As the “Intersections of Scholarly Communication and Information Literacy” paper recommends, this collaborative process allows faculty, librarians, and students to explore the economics behind scholarship. They are able to understand how their book review is published and who is able to access and read the review, and they become a creator in new knowledge for the discipline.

All the authors are interested in how this sort of undergraduate experience could be used in other settings, at other institutions, and with other undergraduates, faculty, and librarians. From the rubric the students created, we have created a table of discussion and assessment questions that are mapped to the Scholarship as Conversation frame, which could be used by others wanting to do this work. This table is in our forthcoming article in the Council of Undergraduate Research’s journal, Scholarship and Practice of Undergraduate Research (SPUR). In both the training of student researchers and throughout the book review writing process, we have seen how students are able to grapple with the scholarly communication cycle. They ask more thoughtful questions about the peer review process, open access publications, and begin to find their scholarly voice.

Next steps

A new research team has formed for the new school year. Training is underway for these students, and we have been thoughtful about including elements of scholarly communication, information literacy, and the information cycle in the on-boarding training sessions. A new development for us this year is that we have connected with SPUR, and we hope to see coauthored book reviews possibly become a norm in this journal. This means that our team will be able to put our training into action and see how the revision, publication, and dissemination process works at a journal dedicated to undergraduate research.

We believe that putting together an undergraduate research team composed of students, faculty, and librarians is a dynamic combination. We also feel strongly that collaborating and coauthoring book reviews provides a valuable experience and gives students a nontrivial writing experience in which they can join the scholarly conversation. We encourage you to think about what faculty, students, and journals you know of that could benefit from a coauthored book review experience. Reach out to your potential collaborators and see if this experience could happen at your institution. Having a team and a journal that is interested in book reviews is a great first step. We are excited about where this experience will go in the future and hope that other colleagues will give this try. Together, we can continue find new, innovative ways to have scholarly communication and information literacy intersect.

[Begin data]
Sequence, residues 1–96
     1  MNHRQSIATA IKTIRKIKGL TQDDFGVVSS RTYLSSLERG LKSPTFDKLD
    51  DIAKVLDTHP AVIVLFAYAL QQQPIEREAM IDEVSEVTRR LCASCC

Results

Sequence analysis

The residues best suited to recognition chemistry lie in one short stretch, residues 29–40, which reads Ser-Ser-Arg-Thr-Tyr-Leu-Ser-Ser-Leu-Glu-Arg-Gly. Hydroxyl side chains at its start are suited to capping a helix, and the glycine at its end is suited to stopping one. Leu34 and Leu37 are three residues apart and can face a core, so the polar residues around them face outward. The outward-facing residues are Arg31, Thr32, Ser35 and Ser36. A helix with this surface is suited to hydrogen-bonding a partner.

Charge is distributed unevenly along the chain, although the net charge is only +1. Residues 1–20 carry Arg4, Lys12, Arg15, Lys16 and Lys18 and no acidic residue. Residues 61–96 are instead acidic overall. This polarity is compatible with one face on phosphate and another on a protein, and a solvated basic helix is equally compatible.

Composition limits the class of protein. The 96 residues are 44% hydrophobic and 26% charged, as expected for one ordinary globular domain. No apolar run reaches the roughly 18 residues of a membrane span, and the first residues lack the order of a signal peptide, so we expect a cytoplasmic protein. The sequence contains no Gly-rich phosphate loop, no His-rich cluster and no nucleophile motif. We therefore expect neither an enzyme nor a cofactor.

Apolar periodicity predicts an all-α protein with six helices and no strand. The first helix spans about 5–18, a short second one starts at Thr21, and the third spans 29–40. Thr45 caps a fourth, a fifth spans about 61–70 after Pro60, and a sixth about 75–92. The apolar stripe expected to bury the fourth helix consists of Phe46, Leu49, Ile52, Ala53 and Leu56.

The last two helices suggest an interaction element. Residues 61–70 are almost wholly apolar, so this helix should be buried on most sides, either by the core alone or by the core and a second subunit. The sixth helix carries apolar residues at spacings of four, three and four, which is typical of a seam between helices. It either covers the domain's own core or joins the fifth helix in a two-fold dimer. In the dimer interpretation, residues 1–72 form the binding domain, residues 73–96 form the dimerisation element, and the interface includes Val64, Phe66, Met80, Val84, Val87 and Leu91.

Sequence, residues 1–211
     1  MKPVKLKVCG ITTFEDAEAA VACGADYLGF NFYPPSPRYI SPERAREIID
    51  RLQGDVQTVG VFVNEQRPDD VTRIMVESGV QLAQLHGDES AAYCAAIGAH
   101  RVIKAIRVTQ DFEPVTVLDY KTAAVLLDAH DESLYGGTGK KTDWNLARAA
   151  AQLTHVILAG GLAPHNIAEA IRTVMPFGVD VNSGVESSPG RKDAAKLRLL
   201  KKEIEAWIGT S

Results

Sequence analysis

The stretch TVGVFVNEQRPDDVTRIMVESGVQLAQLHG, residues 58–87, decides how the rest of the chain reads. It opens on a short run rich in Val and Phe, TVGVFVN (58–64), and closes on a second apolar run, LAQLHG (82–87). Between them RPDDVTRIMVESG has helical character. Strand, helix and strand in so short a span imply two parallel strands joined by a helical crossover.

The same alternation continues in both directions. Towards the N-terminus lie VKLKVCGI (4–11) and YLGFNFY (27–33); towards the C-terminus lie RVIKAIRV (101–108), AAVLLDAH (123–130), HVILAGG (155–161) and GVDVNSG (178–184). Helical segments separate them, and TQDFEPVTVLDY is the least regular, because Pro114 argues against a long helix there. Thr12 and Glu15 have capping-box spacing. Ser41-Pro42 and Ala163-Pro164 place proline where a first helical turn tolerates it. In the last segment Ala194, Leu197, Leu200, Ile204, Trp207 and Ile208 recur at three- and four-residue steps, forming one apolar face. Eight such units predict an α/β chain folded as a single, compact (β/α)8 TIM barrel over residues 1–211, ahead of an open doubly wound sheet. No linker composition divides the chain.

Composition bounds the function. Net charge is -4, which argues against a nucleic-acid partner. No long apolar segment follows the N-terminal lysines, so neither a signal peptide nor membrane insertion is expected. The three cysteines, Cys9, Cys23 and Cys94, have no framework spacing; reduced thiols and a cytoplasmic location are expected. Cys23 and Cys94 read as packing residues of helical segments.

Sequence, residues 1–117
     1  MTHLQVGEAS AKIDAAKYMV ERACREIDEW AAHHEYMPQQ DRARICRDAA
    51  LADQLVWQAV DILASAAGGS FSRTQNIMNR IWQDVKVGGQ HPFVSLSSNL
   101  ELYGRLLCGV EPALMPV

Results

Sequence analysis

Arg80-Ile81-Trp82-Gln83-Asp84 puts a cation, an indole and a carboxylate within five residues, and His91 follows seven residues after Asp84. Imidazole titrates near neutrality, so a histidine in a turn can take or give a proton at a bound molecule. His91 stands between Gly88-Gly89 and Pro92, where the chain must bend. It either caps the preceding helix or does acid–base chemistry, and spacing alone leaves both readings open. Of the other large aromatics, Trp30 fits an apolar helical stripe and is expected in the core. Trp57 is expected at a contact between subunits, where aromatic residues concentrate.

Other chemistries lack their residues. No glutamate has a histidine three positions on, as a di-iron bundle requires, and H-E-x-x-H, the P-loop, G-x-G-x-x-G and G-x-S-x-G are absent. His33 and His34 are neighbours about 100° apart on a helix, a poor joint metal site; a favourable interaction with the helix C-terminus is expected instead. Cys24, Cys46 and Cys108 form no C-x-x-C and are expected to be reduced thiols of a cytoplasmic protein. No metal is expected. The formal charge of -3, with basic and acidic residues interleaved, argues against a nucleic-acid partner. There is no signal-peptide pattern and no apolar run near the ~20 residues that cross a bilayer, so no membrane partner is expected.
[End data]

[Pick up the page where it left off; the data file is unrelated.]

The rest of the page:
Notes

  1. “Intersections of Scholarly Communication and Information Literacy: Creating Strategic Collaborations for a Changing Academic Environment,” working group on Intersections of Scholarly Communication and Information Literacy (Chicago: Association of College and Research Libraries, 2013), www.ala.org/acrl/sites/ala.org.acrl/files/content/publications/whitepapers/Intersections.pdf.
  2. Merinda Kaye Hensley and Stephanie Davis-Kahl, Undergraduate Research and the Academic Librarian: Case Studies and Best Practices (Chicago: ACRL, 2017).
  3. Catherine Fraser Riehler and Merinda Kaye Hensley, “What do undergraduate students know about scholarly communication: A mixed methods study,” portal: Libraries and the Academy 17, no. 1 (January 2017): 145–78, https://doi.org/10.1353/pla.2017.0009.
  4. Rachael Toor, “Why bother writing book reviews?” The Chronicle of Higher Education, April 2, 2012, https://www.chronicle.com/article/Why-Bother-Writing-Book/131360.
  5. Lynn Worsham, “The endangered scholarly book review,” The Chronicle of Higher Education, April 1, 2012, https://www.chronicle.com/article/The-Endangered-Scholarly-Book/131361.
  6. Char Miller and Char Booth, “Open Access as Undergraduate Pedagogy,” Library Journal (March 26, 2014), accessed November 9, 2018, https://www.libraryjournal.com/?detailStory=open-access-as-undergraduate-pedagogy-backtalk.
  7. Stephanie Davis-Kahl, “Engaging Undergraduates in Scholarly Communication: Outreach, Education, and Advocacy,” College & Research Libraries News 73, 4 (2012): 212–22.
Copyright Hailley M. Fargo, Nicholas J. Rowland, Jeffrey A. Knapp